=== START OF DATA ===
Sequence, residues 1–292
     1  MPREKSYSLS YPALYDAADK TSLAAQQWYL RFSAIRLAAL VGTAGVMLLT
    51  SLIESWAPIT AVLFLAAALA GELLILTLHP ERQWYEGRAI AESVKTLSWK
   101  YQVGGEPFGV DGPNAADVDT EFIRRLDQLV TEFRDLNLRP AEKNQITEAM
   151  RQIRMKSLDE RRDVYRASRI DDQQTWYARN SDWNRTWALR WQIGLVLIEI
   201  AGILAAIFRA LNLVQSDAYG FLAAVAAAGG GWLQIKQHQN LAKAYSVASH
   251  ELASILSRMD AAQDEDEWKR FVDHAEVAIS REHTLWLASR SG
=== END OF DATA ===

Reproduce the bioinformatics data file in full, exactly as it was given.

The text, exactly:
Sequence, residues 1–292
     1  MPREKSYSLS YPALYDAADK TSLAAQQWYL RFSAIRLAAL VGTAGVMLLT
    51  SLIESWAPIT AVLFLAAALA GELLILTLHP ERQWYEGRAI AESVKTLSWK
   101  YQVGGEPFGV DGPNAADVDT EFIRRLDQLV TEFRDLNLRP AEKNQITEAM
   151  RQIRMKSLDE RRDVYRASRI DDQQTWYARN SDWNRTWALR WQIGLVLIEI
   201  AGILAAIFRA LNLVQSDAYG FLAAVAAAGG GWLQIKQHQN LAKAYSVASH
   251  ELASILSRMD AAQDEDEWKR FVDHAEVAIS REHTLWLASR SG